Sewing top fives: reflections

So, on to sewing reflections for 2019. I find this is the hardest post in the series to write so apologies if it’s deadly dull.

For a while now I’ve been trying to reduce my fabric stash by sewing from stash where possible, only buying fabric one project ahead, and always getting samples before buying fabric online. The idea is to make better choices and sew up new fabric before I can change my mind about it. I managed to stick to that for most of the year. I also gave away some stash fabrics I knew I would never ever sew because the colours and prints didn’t suit me.

The stash has shrunk somewhat as a result, but there’s still a way to go and it’s getting more difficult to reduce it. I’ve already sewn up the easy stuff and am now left with lengths that I am struggling to find a suitable project for. There’s one length of green wool coating in particular that’s a problem. I don’t sew it up because I’m not really convinced the colour suits me, but I can’t part with it either. This picture gives some idea.

Green coat fabric with pink lining

I can’t possibly dye it; I’d need an industrial dye vat for that much heavy wool! Nor am I really up for sewing an entire coat for someone else. My current hope is that I’ll find a coat pattern I love that’s sufficiently out there that I wouldn’t risk buying new fabric for it.

I’m also on a pattern buying diet. This year I only kept up my Burda subscription and didn’t buy envelope patterns. Again this is getting slightly harder now because Vogue, my favourite brand after Burda, are really on a roll at the moment.

I did buy the Bootstrap Vado custom jeans PDF pattern this year which was a fun experiment. The fit was better for me than unadjusted Burda jeans, but it was not perfect enough for me to get over my general dislike of PDF patterns and go back for more yet. I might consider Bootstrap or Lekala again for something I was finding really difficult to fit though.

The other thing I’ve been trying to do this year is to feed Kibbe style advice into my choice of projects. (If you want more on Kibbe, check out Doctor T’s in-depth blog series). I’m pretty dubious about style typing systems in general but some of the ideas in this one work for me: it recommends I wear vee and boat necks, monochrome colour schemes, dark neutral colours, long lines, and avoid any fussy details. Of course I also have my own rules: pockets are essential, metallic is a neutral, everything must be machine washable.

I’m not sure using Kibbe has made a huge difference to how I dress – part of the reason I like the system is that it agrees with my existing ideas about what suits me – but it did make me consider choosing longer skirt lengths, which I’ve found aren’t as dowdy as I would have guessed…or maybe this is all a coincidence as fashion’s just come around to longer skirts. Anyway I shall carry on keeping his recommendations in mind, and doubtless reject them the minute they clash with something I really want to wear.

Phew. Next up: plans for 2020!

14 thoughts on “Sewing top fives: reflections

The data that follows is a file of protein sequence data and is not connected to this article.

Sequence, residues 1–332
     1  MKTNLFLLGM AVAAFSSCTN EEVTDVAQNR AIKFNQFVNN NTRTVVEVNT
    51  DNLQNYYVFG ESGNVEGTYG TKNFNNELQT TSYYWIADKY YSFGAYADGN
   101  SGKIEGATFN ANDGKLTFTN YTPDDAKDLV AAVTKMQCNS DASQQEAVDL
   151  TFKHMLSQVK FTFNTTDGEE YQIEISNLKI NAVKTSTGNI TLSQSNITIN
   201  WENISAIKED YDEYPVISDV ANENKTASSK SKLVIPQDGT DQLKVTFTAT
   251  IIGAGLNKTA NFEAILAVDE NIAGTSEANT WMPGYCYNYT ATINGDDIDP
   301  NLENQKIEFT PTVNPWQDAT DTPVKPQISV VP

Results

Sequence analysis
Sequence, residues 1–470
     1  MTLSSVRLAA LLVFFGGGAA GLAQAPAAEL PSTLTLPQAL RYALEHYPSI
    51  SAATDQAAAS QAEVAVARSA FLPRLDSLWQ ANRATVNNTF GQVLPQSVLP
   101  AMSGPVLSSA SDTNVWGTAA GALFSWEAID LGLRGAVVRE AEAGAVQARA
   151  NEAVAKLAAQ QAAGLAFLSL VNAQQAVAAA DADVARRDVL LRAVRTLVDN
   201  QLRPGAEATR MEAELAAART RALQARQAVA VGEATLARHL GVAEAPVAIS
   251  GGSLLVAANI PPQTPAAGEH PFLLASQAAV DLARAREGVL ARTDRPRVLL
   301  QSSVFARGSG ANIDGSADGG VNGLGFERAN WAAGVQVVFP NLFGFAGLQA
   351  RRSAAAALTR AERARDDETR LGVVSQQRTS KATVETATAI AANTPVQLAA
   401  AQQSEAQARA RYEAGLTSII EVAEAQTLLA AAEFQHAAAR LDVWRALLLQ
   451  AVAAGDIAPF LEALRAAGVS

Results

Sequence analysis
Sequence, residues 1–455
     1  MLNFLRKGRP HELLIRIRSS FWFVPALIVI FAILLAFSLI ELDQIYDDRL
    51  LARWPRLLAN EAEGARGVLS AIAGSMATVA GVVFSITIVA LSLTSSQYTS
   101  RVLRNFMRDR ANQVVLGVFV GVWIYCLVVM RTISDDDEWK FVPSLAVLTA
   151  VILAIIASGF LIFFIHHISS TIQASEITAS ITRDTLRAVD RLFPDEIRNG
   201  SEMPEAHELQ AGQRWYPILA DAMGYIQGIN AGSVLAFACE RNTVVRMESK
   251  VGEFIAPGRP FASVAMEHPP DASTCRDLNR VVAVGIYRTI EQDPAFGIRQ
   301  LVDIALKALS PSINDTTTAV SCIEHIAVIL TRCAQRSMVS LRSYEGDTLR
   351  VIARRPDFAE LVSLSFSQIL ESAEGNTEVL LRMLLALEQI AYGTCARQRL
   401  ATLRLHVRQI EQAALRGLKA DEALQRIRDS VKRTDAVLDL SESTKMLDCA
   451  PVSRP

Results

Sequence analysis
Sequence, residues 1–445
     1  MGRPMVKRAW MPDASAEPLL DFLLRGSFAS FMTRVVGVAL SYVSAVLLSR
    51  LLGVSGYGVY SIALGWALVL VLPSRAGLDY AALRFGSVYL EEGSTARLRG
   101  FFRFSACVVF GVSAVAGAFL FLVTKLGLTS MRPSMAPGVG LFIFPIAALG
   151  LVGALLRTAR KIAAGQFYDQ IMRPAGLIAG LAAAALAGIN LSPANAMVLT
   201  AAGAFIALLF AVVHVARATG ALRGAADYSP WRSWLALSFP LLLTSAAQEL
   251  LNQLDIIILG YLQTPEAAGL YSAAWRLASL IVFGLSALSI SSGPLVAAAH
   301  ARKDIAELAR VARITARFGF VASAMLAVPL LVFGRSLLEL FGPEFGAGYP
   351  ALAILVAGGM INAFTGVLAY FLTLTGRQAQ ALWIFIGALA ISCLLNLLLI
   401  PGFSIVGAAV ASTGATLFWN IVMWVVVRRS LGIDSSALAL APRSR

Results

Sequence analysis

1. I see you mentioned a padded coat a couple posts back. What about using the wool as an interlining (would that be the correct term?) or batting for it? It may have enough poofiness though…

  2. These are some good reflections. Maybe that wool would work as a color-blocked look with black or gray? As long as the color isn’t close to your face, it might be quite striking.

    1. Thanks, I like the idea of combining it with grey…there was a great Burda colour blocked coat that I was dithering over making last year. Now of course I need to find the right grey fabric 🙂

  3. That colour is totally amazing! And lined with the hot pink fabric it would make a spectacular coat. Here’s to finding that perfect pattern in 2020!

  4. The green wool is spectacular and would look wonderful on you in my not so humble opinion. A pink scarf or collar would do the trick if you aren’t sure about having it at your face. A plain dramatic silhouette would suit you and it. I hope you find just the right pattern or hack one if need be.

    1. Thanks! I was thinking much the same about the shape. I hoped the failed Burda coat I toiled earlier in the year would be the one, as it has a very geometric form, but I’m not certain I can face fixing all the things about the pattern I need to!

  5. The coat I have cut out at the moment is that colour so clearly in going to say it’s gorgeous. I hope you do make it up.

  6. I think the green wool would suit you very well as it has some warmth to it and colouring seems to as well .i can see it as a spectacular coat worn over a simple navel sheath dress or similar . It needs to dramtic lines and be lined in something neutral . I would probably line it in black ,perhaps doing a contrast piping around the lining . I can see it with a lovely big collar . Take it to someone whose judgment you trust and ask them . Sometimes others see things that you just don’t . It can be such fun

  7. Do you have a good system you would recommend for organizing Burda patterns once you have traced some out of the magazine?

    1. Once I’m done with a pattern I fold the pieces and put them into an A4 brown envelope and write the pattern compnay name, the number, and sometimes a few notes in the front. I keep the envelopes in a large plastic box sorted by pattern company and then by number – or date then number for Burda. I find it’s particularly useful to write something about the fabric I used and the style on the envelope. Patterns that were a big success get a star!

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